Wednesday, March 5, 2014

Socca part II

I have found a much easier way to make Socca (original recipe here), or at least something that resembles it. Good enough for Gov't work and all that.

This is a VERY cheap and easy way to make this, for those who are gluten free but don't want to break the bank by buying lots of chickpea flour, and don't have a grinder to make it themselves.
Socca with hummus, cucumbers, and dill

Soaked Socca

1 pound dried chickpeas
2-4 Tb oil (I've used olive oil and rendered beef fat, both)
salt to taste - I'm using at least a tsp or two, here.
(I told you it was cheap, didn't I?)

1. Soak the chickpeas 10-24 hours in water.  If you want a slightly different flavor, maybe a little sour or cheesy smelling, soak them for 2-3 days, changing out the water once a day. They begin to slightly ferment and it changes the flavor.

2. Turn the oven to the broiler setting (or 500 F) and put an iron skillet in to preheat with it.

3. Drain the chickpeas. Put 1/3-1/2 of the soaked chickpeas into a blender. The weaker your blender motor, the less you put in. Add enough water to almost cover. Add in 1-2 Tb oil. Add salt to taste. Now blend this sucker until you have a nice looking batter. Keep blending until the chunkiness looks appealing. If it won't blend, you can add in a little more water, but it may increase cooking time.

4. Take out the skillet, pour a tiny bit of oil on it and move it around until it's coated the pan, and then pour out the batter into the skillet. How much batter you put in depends on how big a skillet you use. You want to make the socca bread about the same thickness, or even a bit thicker, than a thick pancake. Mine are usually 1/4 inch-ish.

5. Put it into the oven about 6 inches from the broiler for 15-20 min, or until the top no longer looks 'wet.' Then put it closer, about 2-3 inches from the broiler, for another 5 minutes, or until the edges are just barely brown. Then carefully flip it over and continue to cook , still 2-3 inches from broiler, until the underside looks done, usually between 5-10 minutes.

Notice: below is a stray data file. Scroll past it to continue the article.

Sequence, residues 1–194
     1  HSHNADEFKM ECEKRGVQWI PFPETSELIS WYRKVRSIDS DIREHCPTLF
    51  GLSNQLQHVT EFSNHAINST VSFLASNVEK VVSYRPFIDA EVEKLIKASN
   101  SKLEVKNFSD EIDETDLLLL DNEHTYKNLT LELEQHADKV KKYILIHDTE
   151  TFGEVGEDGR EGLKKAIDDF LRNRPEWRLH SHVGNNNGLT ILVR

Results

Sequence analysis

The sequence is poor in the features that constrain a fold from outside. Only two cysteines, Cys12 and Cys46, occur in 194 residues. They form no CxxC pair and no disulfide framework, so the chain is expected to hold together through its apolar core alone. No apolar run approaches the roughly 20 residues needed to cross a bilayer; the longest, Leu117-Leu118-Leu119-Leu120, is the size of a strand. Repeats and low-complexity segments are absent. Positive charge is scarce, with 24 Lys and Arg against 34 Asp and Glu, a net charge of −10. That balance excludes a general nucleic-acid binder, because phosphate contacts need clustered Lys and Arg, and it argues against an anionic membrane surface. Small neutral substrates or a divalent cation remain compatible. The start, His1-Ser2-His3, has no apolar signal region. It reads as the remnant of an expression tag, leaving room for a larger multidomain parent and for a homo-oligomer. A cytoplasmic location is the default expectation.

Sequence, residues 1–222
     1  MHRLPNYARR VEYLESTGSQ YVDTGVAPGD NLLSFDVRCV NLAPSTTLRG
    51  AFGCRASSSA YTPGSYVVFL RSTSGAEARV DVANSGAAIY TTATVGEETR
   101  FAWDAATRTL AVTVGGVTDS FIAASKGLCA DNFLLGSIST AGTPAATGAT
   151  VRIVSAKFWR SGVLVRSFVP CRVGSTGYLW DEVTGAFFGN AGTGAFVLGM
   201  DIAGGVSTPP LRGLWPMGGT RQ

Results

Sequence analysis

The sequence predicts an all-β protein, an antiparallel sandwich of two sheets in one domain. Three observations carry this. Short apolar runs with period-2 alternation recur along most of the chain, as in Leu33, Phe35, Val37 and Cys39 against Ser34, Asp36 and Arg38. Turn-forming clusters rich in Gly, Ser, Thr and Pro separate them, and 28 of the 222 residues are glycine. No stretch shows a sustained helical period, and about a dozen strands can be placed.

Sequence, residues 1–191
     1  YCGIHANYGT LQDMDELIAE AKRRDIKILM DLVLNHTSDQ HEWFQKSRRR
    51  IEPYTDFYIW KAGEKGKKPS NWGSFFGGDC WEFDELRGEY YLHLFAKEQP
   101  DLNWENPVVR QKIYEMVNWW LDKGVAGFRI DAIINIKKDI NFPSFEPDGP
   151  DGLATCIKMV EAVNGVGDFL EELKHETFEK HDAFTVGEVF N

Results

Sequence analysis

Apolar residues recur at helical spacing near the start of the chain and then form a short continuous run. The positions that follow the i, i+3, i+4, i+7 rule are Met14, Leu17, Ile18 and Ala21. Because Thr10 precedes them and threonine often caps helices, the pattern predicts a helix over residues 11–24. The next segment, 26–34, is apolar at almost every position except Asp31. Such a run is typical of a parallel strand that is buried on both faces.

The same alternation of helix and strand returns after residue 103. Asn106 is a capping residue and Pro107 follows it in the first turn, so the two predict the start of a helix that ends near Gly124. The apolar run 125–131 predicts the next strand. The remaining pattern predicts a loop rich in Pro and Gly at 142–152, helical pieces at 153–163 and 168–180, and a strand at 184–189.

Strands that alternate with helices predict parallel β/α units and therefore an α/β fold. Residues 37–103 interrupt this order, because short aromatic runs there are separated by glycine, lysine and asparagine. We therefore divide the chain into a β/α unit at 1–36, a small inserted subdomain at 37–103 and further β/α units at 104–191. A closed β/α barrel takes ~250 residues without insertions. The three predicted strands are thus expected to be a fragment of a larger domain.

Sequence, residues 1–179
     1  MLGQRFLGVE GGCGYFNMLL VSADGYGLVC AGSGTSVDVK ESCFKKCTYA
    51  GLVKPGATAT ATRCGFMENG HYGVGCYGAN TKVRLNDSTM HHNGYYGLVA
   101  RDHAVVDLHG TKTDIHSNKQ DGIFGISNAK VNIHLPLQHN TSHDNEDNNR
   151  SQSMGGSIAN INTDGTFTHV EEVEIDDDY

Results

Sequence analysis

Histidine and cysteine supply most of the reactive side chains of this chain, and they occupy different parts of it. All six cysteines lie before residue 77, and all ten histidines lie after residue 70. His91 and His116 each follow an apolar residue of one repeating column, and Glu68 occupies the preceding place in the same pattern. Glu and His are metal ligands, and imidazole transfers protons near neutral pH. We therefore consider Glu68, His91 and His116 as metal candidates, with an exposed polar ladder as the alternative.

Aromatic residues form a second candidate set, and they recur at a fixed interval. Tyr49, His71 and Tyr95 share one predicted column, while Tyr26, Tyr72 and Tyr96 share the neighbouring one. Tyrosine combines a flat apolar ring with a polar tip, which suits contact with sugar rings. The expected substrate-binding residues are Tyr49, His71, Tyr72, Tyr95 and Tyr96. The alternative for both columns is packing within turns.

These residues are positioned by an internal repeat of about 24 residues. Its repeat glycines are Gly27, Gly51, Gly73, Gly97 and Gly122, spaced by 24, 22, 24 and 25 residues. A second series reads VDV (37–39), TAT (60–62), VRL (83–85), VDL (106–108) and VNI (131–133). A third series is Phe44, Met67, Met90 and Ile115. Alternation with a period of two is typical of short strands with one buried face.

6. You can add herbs and other spices to this or eat as-is.  It can be served plain as a side dish, used as crude sandwich bread, used as a pizza base, or even eaten like I did above, with hummus plus cucumbers and dill  (it's really pseudo-hummus, without many of the things that would make it low histamine noncompliant).

1. This tastes the same as regular socca, but it takes longer to cook and the texture is a bit different. Usually a little thinner and a bit less bready, but still nice.  If you want a slightly breadier socca, I would go with the old recipe. But if you don't want to grind chickpeas, or can't, and want to make this without spending a lot of money on chickpea flour, this is totally the way to go.

2. Fair disclosure: I think the picture above may be from the socca bread I made with ground up dried chickpeas, but I can't remember since it's been so long ago that I took it. >_<

3. Since I first used this recipe, I have come across other recipes that involve soaked legumes to make into a flatbread.  Some common traditional ones, aside from chickpeas, are mungo beans (black gram) and fava beans (with the skins removed, of course).  This recipe, from ','  is a nice example of an almost identical bread with lentils rather than chickpeas. It involves a lower temperature cooking so that the bread doesn't need to be flipped during baking. I'm experimenting with what may work with chickpeas to achieve the same thing, and I'll add that information when it is working for me. ^_^

No comments:

Post a Comment